Highlighting the pitfalls of perception means constantly taking audiences by surprise, or so Graham’s slippery career over the last quarter-century suggests. a shimmer… bears some iconographic and geographical resemblance to its predecessor, American Night (2000-02), which counterpoised photographs of lone African-Americans pedestrians (hugely overexposed and whited-out or shot in semi-darkness, either way turned nearly invisible) with bright, ‘normal’ photographs of attractive suburban houses; but the recent tilting of vision is evidently different. The 1999 series Paintings inveigled the viewer through its very title to accept the aesthetic value of toilet graffiti, and indeed when photographed it had some, though one was made uncertain of this through having been pointedly coerced. The teenage and twentysomething clubbers in The End of an Age (1997-98) are similarly surrounded by a nimbus of doubt. It’s too easy to bracket them, or limn them with faint melancholy, because of where they are. Really we know nothing about them, not even how much they are ‘acting’ – on their own impulse, or Graham’s.
In Union Jack in Tree, County Tyrone (1985), from the series Troubled Land (1984-87), a beautiful photograph superficially similar to the aforementioned recent image of a sapling, one must look fairly closely to see the particle of conflict. By then the image has likely done its work as an ensign of its own, from a whole history of pastoral landscape imagery. If it now recalls a long history of embattlement, still it is a fragment, and in its own way a reminder that photographs like this are dangerously rhetorical. The real, Graham reminds us, is always apt to slip into metaphor.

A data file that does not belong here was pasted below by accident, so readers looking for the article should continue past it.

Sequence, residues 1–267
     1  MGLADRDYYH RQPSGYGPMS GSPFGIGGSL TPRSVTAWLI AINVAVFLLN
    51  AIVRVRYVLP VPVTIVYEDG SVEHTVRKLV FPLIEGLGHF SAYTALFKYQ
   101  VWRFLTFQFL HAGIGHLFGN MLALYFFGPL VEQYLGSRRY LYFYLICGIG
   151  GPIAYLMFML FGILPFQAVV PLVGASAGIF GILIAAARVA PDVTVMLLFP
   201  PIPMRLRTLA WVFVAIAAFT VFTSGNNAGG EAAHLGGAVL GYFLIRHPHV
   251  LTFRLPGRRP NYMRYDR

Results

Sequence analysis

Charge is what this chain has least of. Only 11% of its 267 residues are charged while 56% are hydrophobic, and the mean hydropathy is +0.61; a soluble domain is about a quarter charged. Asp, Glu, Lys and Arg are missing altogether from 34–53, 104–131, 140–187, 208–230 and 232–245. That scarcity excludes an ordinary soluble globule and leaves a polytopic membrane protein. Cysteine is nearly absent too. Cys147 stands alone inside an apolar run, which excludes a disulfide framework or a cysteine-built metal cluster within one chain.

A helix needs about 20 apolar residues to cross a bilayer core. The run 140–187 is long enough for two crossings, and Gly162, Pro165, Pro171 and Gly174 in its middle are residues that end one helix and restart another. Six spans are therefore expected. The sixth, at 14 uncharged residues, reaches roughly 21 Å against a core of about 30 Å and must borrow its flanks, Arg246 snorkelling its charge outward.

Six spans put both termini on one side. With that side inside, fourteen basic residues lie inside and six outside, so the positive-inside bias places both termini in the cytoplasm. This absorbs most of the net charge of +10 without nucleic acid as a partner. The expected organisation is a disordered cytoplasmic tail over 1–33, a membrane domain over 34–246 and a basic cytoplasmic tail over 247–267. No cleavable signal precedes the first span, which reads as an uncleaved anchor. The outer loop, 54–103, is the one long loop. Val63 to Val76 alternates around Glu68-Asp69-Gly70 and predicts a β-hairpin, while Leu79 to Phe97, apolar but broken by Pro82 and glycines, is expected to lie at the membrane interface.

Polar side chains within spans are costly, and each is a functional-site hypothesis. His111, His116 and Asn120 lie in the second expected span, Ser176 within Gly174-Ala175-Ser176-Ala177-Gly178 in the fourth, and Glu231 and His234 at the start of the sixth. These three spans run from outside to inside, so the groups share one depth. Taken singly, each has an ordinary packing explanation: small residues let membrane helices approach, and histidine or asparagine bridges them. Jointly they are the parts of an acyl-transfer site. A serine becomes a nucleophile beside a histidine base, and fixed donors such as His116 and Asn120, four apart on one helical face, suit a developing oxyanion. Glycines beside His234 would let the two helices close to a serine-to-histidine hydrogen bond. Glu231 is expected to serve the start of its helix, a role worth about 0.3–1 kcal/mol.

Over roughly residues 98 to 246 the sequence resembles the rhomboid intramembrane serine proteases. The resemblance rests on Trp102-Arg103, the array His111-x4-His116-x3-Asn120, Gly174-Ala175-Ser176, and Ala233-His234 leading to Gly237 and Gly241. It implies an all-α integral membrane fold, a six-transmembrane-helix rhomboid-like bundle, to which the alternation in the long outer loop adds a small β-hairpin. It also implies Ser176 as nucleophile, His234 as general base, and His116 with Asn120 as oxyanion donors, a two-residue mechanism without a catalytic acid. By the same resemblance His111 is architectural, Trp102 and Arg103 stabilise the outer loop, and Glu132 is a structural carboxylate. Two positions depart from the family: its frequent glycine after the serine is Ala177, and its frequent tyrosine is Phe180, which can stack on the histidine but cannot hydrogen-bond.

Graham has long been attuned to literature (lines from TS Eliot’s The Waste Land accompanied his post-Soviet series New Europe (1993), quotations from Herman Melville’s Moby-Dick and Jose Saramago’s novel Blindness bookended American Night) and one avowed if indirect influence on his recent photographs has been Anton Chekhov’s short stories. The Russian author typically dropped audiences into the midst of a situation and departed without overt conclusion: his is a literature of intimate observation, but also, significantly in relation to Graham, of a fluent interchange between realist description and implicit analogy. The passengers in his early story “On the Train”, while richly and variously themselves, also imply an entire compacted society moving forth and bustling together. When Chekhov writes ‘all the lights are green, but somewhere down the line I’m sure all hell will break loose,’ he speaks both of the rail journey and of a realist’s lifetime. One wonders how much he trusted the universal to rise naturally out of the local, how much he engineered it.